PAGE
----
No. 12: Partnerships Needed: Atlantan and African Entrepreneurs Ripe to Connect

While receiving an award for Excellence in Commercial Diplomacy at Howard University’s Africa Business Conference, Florizelle Liser, Assistant US Trade Representative for Africa expressed her desire to see entrepreneurs in the African-American community and in African countries seek out partnerships with each other. The city of Atlanta, Georgia has a mix of key ingredients to make this happen:

1. According to 2010 U.S. Census data, Atlanta has the second largest number of black-owned businesses in the United States. One cannot help but notice the entrepreneurial spirit within the black community, with individuals operating in industries ranging from dry-cleaning to management consulting.

2. Through Atlanta’s Hartsfield-Jackson Airport, Delta launches direct flights to Accra, Johannesburg, Monrovia, Abuja, Lagos, and Cairo. One can fly to Accra in a time not much longer than it takes to fly to Los Angeles.

3. Mayor Kasim Reed has a vision for Atlanta to be the Western Hemisphere’s logistics hub – an aspiration that will contribute to the growing impact of the African Growth and Opportunities Act on trade between the US and African countries.

4. Georgia Tech University develops numerous engineers whose skills could contribute to Africa closing its $93 billion gap in infrastructure development.

5. Though not in Atlanta, the University of Georgia develops a talented pool of students in the agricultural industry who could contribute to Africa reaching $880 billion in agricultural output by 2040.

Dr. Adetunji Adegbesan, a strategy professor at Lagos Business School, shared an incredible story that crystalizes the potential of entrepreneurship on the African continent. An MTN executive monitoring data usage on the company’s Nigeria network noticed that a significant amount of data was passing through the network, but someone was not paying for that usage. After alerting the company’s network engineers, MTN blocked the source of that usage. A few weeks later, the same executive noticed more data passing through that was not accounted for financially. He again approached network engineers who blocked the source. Yet again, data was passing through after a few weeks and the executive approached engineers in Europe who established an elaborate block that was sure to keep the data from passing through. Data was passing through the block a few months later.

Who was breaking through MTN’s network? The company tracked the source of the data and located a small college city where a group of graduates helped families set up their computers. As part of the package they offered, these entrepreneurs “installed” the internet on these computers. They figured out a way to log the computers into MTN’s internal network while keeping the computers’ identities masked. The end result – MTN hired these innovators.

Entrepreneurship is essential to economic growth on the African continent and in the US. One can be sure that the vibrancy found in that small college city in Nigeria is not isolated, and US entrepreneurs would do well to engage this movement. Atlanta-based entrepreneurs should take the lead in engaging fellow entrepreneurs in African countries.

No.1: Speed It Is I Love

My first track meet ever, I lined up for the 100m dash next to a guy wearing Air Force 1s, jean shorts, and an NFL jersey.  All eight of us in the race had no idea how to get into the right stance, and were jumping around trying to get a jump on the starter’s gun.  When the gun did go off, my man in the Air Forces did not waste any time getting to the finish line.  While I was not the fastest guy, I had so much fun—just running.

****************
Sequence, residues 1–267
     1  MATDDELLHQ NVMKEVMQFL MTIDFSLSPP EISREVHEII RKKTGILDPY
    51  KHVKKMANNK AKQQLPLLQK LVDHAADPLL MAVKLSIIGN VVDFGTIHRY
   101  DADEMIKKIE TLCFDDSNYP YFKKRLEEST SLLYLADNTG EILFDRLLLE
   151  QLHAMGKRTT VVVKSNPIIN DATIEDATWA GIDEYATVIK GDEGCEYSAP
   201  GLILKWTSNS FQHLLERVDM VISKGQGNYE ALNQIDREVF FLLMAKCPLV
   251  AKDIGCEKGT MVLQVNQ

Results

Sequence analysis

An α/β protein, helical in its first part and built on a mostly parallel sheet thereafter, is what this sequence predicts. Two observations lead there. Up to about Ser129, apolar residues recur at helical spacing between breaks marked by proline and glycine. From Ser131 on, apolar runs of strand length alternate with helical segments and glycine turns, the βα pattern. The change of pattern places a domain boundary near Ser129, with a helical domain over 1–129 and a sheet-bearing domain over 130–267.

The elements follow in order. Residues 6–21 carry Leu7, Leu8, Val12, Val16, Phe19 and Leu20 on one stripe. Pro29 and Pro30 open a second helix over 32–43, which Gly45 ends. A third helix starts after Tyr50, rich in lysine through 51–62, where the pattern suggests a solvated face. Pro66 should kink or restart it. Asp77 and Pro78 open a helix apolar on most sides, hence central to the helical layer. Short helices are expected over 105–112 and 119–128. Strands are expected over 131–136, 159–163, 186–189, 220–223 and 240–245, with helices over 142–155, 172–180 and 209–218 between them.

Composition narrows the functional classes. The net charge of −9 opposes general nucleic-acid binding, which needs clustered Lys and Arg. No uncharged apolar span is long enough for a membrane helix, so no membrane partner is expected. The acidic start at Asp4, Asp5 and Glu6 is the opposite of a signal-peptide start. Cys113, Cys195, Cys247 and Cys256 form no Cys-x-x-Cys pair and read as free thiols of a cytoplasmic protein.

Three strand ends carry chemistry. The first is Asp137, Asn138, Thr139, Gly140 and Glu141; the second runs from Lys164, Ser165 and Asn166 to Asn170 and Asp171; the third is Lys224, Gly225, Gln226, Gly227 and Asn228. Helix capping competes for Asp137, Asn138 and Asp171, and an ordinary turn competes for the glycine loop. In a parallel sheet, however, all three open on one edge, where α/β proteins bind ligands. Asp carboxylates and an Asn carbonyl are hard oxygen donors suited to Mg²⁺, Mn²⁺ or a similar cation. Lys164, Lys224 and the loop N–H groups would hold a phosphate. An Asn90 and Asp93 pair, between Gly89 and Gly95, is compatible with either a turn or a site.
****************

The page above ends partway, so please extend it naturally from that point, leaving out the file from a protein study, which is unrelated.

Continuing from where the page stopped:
After winning the county championship in the 200m dash in the eighth grade, I had the opportunity to run with a track club during the summer.  Humility is something I learned quickly as I ran against the likes of Michael Grant, one of the fastest 13-year olds in the country.  I also learned what it was to have good form, and to develop my own by studying other athletes.  In high school I became a perfectionist, studying video after video of athletes like Justin Gatlin, Dwain Chambers, Aziz Zakari, and Maurice Greene.  I dreamed of dominance while watching Jesse Owens run and Bob Beamon jump.  I scoured professional athlete progressions on http://www.iaaf.org.  I began following other high school athletes on Dyestat and Milestat.  I raved about Kelly Willie and Jeremy Wariner facing off at the 2002 Golden West Invitational, both running sub-46 in the 400m dash.  Brendan Christian ran 10.20 in the same meet!  I wanted that kind of speed.

I was fortunate that my football coaches in college allowed me to continue running track.  Both sports taught me extremely valuable lessons.  I developed a mental toughness on the track that enabled me to push through a sophomore season in which I fouled out of meets for both the indoor and outdoor seasons in the triple jump, until I set a huge personal record in the Southern Conference Championship.  I developed a physical toughness on the football field that created a craving for contact. 

My obsession with track and field statistics bordered ridiculous.  After track meets, I would spend hours studying results from meets across the country.  I kept a mental log of the progression of a number of athletes and offered my predictions for the NCAA Championships, US Championships, and World Championships whenever anyone showed interest.  I am itching for the indoor track and field season to begin.  I did spend some time this fall expanding my knowledge of cross country running and road racing.  Look forward to comprehensive commentary on track and field at the high school, collegiate, and professional levels.